BSD DevCenter
oreilly.comSafari Books Online.Conferences.


Greylisting with PF

by Dan Langille

This article will show you how I am using PF (the Packet Filter from the OpenBSD project) and spamd (also from OpenBSD) to implement greylisting and greatly reduce incoming spam. This solution is completely MTA agnostic. You do not have to make any changes to your existing mail server configuration to use spamd/PF. In fact, you can easily use PF and spamd to guard any SMTP mail server; even MS Exchange.

I first read about PF when reading Micheal Lucas's Absolute OpenBSD. If you have never read one of his books, I urge you to do so. His writing style is very clear and easy to follow. The book contains about thirty pages on PF, yet there is so much packed into that short chapter that when I read it I knew one day I'd start using PF. That day came a few weeks ago. My gateway at home has been happily running PF since early October. And more importantly, I've been happy. One of the best features of any software product is simplicity of use. PF is simple to start and easy to extend when you need the more advanced features.

A few weeks after implementing PF on my home gateway, I attended NYCBSDCon 2006 and listened to Bob Beck's talk on spamd. It was so easy that I just had to try it. So I did.

On a related note, I'll also give you a short introduction to OS fingerprinting and how you can use PF to block/pass packets based on the sending OS.

How Greylisting Works

spamd and PF work together. PF will direct any known good clients directly to the mail server. Similarly, it will send known bad clients to the tarpit, a slow-responding mail server that does not add much load to your system. Finally, it asks new clients, not known to be good or bad, to try again later.

This makes three lists of clients:

  • Whitelist: known good clients.
  • Blacklist: known bad clients.
  • Greylist: we don't know if they are good or bad yet, but we will soon decide.

The key to greylisting is knowing that good and kind mail servers do not mind being politely asked to come back later. This is part of the STMP protocol. Spammers, however, are cheap and nasty. They don't like this. They probably won't come back later. Why? Queue management is tricky. If you're sending to millions of email addresses, why worry about a few messages that you cannot deliver? Just skip along to the next one. Spammers work on volume. Greylisting exploits that characteristic.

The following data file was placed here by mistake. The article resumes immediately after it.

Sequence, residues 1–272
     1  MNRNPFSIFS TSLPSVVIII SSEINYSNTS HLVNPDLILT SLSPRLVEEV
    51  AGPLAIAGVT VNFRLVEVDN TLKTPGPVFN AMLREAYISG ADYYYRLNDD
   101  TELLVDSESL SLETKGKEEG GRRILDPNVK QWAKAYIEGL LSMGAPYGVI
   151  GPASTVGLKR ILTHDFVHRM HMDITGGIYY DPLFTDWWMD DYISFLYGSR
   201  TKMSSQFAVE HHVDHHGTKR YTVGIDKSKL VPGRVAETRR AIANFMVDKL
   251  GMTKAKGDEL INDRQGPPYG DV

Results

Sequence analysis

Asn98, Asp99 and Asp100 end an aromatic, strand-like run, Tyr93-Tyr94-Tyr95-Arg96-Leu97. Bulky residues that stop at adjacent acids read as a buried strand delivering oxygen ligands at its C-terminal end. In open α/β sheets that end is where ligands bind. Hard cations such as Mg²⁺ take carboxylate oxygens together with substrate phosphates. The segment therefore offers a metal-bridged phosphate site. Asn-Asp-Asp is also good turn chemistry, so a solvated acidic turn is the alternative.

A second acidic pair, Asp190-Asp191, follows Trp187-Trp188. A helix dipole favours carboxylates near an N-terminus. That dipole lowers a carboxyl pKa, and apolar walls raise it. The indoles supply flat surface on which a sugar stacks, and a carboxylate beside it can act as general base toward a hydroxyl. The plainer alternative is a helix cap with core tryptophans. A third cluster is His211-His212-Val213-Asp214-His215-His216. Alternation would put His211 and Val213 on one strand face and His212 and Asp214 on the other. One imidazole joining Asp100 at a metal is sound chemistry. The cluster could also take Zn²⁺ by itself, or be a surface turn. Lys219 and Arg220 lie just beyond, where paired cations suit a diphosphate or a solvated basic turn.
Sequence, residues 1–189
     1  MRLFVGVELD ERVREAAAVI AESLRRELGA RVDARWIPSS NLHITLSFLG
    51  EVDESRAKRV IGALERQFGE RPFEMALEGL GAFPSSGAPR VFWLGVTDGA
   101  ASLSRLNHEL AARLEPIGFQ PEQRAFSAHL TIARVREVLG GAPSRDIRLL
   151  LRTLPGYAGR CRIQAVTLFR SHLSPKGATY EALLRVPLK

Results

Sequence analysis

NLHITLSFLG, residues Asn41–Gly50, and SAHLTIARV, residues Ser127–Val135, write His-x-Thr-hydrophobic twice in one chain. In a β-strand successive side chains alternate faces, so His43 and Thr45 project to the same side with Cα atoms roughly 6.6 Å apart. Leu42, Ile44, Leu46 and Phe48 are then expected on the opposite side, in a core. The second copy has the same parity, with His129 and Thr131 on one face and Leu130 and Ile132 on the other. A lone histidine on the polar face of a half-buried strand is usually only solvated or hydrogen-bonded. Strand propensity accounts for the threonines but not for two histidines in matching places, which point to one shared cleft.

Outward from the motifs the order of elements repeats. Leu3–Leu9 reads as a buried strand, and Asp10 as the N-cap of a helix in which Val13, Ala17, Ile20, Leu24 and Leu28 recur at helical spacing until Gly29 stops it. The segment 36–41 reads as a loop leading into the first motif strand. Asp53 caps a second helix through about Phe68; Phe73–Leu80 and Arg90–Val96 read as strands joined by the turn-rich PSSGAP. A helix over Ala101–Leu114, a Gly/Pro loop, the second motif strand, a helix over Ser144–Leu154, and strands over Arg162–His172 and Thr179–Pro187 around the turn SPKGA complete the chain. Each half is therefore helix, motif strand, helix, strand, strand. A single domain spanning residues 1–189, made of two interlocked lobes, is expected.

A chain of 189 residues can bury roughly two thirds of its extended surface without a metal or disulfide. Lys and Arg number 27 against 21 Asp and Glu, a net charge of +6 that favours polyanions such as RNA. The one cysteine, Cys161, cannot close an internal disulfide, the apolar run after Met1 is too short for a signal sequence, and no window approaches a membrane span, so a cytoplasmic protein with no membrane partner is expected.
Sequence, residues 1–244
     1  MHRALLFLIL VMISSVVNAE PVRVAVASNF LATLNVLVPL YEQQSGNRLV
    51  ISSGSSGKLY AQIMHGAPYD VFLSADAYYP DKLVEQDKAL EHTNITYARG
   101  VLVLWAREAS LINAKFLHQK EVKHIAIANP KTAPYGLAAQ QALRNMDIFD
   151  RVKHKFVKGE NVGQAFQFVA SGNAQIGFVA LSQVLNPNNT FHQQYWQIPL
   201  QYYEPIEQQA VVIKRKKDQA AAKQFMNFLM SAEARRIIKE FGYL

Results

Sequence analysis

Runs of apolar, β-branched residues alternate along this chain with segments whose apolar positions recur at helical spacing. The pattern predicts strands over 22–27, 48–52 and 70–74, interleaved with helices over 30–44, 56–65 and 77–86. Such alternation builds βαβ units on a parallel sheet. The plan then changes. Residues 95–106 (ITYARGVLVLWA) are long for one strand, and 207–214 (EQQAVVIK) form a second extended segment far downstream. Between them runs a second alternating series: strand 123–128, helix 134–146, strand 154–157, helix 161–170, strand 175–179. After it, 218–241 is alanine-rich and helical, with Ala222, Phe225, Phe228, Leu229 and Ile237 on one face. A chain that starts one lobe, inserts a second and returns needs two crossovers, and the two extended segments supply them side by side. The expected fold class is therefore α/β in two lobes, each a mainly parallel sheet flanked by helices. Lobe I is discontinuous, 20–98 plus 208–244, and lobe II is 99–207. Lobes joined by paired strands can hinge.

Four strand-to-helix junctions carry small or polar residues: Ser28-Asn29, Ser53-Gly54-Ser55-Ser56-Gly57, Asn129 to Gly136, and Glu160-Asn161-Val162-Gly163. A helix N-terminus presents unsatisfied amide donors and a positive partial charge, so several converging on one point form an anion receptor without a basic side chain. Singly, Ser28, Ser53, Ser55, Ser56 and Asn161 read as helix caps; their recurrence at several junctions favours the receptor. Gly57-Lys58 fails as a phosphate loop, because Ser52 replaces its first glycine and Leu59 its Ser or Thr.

Implementing PF

My gateway was running FreeBSD 6.2 PRELREASE. PF is also available on DragonflyBSD, NetBSD, and OpenBSD (of course!). The FreeBSD Handbook has a good introduction to PF.

There are several ways to enable PF, including compiling it into the kernel, or loading the module. I added a few options to my /etc/rc.conf file to ensure PF starts up at boot time. It also starts the logging daemon.


Note that I have chosen a nondefault value for my PF rules. The default value, as found in /etc/default/rc.conf, is /etc/pf.conf. To avoid any merge conflicts with mergemaster(8), I chose a different filename. The default install comes with many fine examples in /etc/pf.conf and I urge you to read them.

Designing a PF rule set is beyond the scope of this article, but the OpenBSD project has a good PF rule set example.

Enabling PF

The primary interface between PF and the outside world is pfctl. To load PF on a running system, issue the command:

# kldload pf
# kldstat
Id Refs Address    Size     Name
 1    8 0xc0400000 6721fc   kernel
 2    1 0xc0a73000 58554    acpi.ko
 3    1 0xc4eb5000 16000    linux.ko
 4    1 0xc5e20000 2d000    pf.ko

What does loading PF give you? To see all the filter parameters:

# pfctl -s all
No ALTQ support in kernel
ALTQ related functions disabled

Status: Disabled                                Debug: None

Hostid: 0x595cedd1

State Table                          Total             Rate
  current entries                        0
  searches                               0            0.0/s
  inserts                                0            0.0/s
  removals                               0            0.0/s
  match                                  0            0.0/s
  bad-offset                             0            0.0/s
  fragment                               0            0.0/s
  short                                  0            0.0/s
  normalize                              0            0.0/s
  memory                                 0            0.0/s
  bad-timestamp                          0            0.0/s
  congestion                             0            0.0/s
  ip-option                              0            0.0/s
  proto-cksum                            0            0.0/s
  state-mismatch                         0            0.0/s
  state-insert                           0            0.0/s
  state-limit                            0            0.0/s
  src-limit                              0            0.0/s
  synproxy                               0            0.0/s

tcp.first                   120s
tcp.opening                  30s
tcp.established           86400s
tcp.closing                 900s
tcp.finwait                  45s
tcp.closed                   90s
tcp.tsdiff                   30s
udp.first                    60s
udp.single                   30s
udp.multiple                 60s
icmp.first                   20s
icmp.error                   10s
other.first                  60s
other.single                 30s
other.multiple               60s
frag                         30s
interval                     10s
adaptive.start                0 states
adaptive.end                  0 states
src.track                     0s

states     hard limit  10000
src-nodes  hard limit  10000
frags      hard limit   5000

Pages: 1, 2, 3, 4, 5, 6, 7

Next Pagearrow

Sponsored by: